Microsoft Cancels MSN TV: What Will Older Viewers Do?
By Thomas Halleck
Microsoft has shut down MSN TV, the Internet service and hardware combination formerly known as WebTV. To most people, this isn't news, as the service's customer base has dwindled to the point where Microsoft is turning off the lights. So who cares?
As AARP points out, there is a certain part of the population that cares a great deal: seniors. The nation's largest lobbying organization for older Americans pointed out in a blog post that "at one time, Microsoft targeted seniors as the prime market" for MSN TV, a large group of people who will have to turn to alternatives if they want to stay online.
Microsoft (MSFT) gives MSN TV customers the ability to transfer their private data to Outlook using their current account names and passwords, but the MSN TV and MSN TV 2 set top boxes will no longer function -- even with new Internet service. Microsoft will also offer free dial-up Internet to MSN TV customers through MSN until Dec. 31, but customers will need a new computer capable of dial-up to take advantage of the offer.
People are asking in forums across the Web what do for parents, grandparents and all manner of older folks who are sometimes not fond of change, and not interested buying expensive computer equipment and services merely for the sake of speed.
Smart televisions haven't progressed to the point where they offer a quality Internet experience, and desktop computers are what MSN TV customers were avoiding in the first place. Unfortunately, there is no perfect replacement for Web TV, although there are a few good alternatives. The International Business Times presents the top three alternatives to MSN TV/WebTV for senior citizens looking to access email and browse the Web:
3. Computers Designed for Seniors
The Teliken is promoted by the AARP as a way to maintain "the fun part of personal computing -- the Web browsing, email, calendar, photo sharing, games and video chat -- and lose the complexity and virus risk." The Teliken is sold online with a couple of different models, ranging in price from $699 to $999. It is also sold as the "WOW Computer" through a company called firstSTREET.
%VIRTUAL-article-sponsoredlinks%The newer model is a touchscreen PC with an operating system that is specifically formatted to be simple and easy to use. The least impressive thing about the Teliken is the premium price paid for hardware that sounds second rate -- a dual-core processor paired with 2 gigabytes of RAM. That description may sound like techno-babble to some, but basically the Teliken seems to be a low-end product at a premium price.
And then there is the problem of getting online with the Teliken. Just like any other desktop PC or laptop, the Teliken requires an active Internet connection. Although there are a lot of options for going online with an Internet Service Provider or ISP -- including dial-up, DSL, cable and fiberoptic connections -- all of them are either very slow (like MSN TV was) or costly.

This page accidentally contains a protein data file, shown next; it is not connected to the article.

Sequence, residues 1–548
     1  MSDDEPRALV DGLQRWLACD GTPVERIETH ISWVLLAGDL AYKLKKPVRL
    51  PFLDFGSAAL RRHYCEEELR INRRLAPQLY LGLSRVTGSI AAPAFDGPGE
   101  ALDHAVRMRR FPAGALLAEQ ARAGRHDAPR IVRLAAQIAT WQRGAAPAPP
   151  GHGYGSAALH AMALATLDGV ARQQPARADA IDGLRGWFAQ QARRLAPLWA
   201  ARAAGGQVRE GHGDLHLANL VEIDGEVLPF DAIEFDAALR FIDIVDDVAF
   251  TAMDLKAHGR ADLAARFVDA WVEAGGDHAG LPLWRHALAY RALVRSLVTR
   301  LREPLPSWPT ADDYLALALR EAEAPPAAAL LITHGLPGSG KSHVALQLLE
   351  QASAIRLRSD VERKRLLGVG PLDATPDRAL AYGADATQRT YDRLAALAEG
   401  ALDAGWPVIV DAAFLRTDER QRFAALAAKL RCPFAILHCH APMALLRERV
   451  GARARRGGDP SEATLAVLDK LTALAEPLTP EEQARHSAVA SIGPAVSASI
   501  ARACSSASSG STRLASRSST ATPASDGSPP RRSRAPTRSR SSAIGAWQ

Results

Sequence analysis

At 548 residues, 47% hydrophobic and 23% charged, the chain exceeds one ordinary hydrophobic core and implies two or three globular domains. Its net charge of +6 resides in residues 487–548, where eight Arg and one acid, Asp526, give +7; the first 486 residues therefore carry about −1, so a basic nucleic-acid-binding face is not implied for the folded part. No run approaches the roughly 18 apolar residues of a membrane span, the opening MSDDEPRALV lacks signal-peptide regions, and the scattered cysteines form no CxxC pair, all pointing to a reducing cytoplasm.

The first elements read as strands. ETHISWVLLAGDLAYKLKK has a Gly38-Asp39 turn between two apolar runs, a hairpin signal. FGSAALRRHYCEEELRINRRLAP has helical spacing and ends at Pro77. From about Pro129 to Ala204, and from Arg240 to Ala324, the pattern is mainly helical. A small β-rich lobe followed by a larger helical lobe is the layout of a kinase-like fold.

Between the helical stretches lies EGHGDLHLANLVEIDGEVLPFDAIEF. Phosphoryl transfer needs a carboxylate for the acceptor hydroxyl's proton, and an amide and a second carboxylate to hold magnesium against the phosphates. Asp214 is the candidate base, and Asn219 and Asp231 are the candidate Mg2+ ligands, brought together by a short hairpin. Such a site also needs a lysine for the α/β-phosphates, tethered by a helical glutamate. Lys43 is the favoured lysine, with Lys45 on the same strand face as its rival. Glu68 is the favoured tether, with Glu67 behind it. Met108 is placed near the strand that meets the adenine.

While the simplified software may be helpful to some older folks with poor eyesight and lack of technical skill, there are free options available, as Huffington Post contributor Jim T. Miller points out.
2. Google Chromebooks
Google (GOOG) has paired with several hardware partners, now including HP and Samsung, to introduce Chromebooks. The Chromebook is a simplified computer system -- low-cost hardware paired with simplified operating software -- that might appeal thanks to its relatively low cost.
The multiple sizes, prices and options of Chromebooks make it more appealing than systems like the Teliken for the price-conscious, although it shares one of its greatest weaknesses: the need to pay for Internet service. The Chromebook magnifies this option by needing a constant connection to the Internet to function, for the most part.
Google Chromebooks are portable, and include a keyboard for those wishing to write long emails to keep in touch. They also run on the Chrome operating system, an alternative to more popular systems such as Microsoft Windows and the Mac OS X from Apple.
1. An Apple iPad with Wireless Internet Service
The Apple (AAPL) iPad runs on iOS, a simple touch-based interface that appeals to the young and old, and began on the iPhone. It is praised for its simplicity and intuitiveness, and can do mostly anything that a desktop computer can -- the iPad is way more capable hardware than MSN TV 2.
That capability comes with a price -- the iPad, even older models, are pricey, generally more than $400 and more like $529 for a model with mobile data capabilities. However, the touchscreen could work well for users with problems with arthritis. The portability of the iPad allows users to compute from bed or a favorite chair, as well as trips away from home.
Accessories such as the Logitech Ultrathin Keyboard Cover, which IBTimes tech editor Dave Smith called "the best iPad accessory ever" in his review, turns the iPad into a full-featured laptop. When coupled with a data plan of roughly $30 a month, the iPad can do more than Web TV ever could, including watching videos, sharing photos and even FaceTime, Apple's video chatting software.
The iPad, if it fits into the budget, is the ideal replacement for MSN TV. If it doesn't, there are plenty of lower-priced options out there, including the Chromebook, which also has models available with wireless data plans.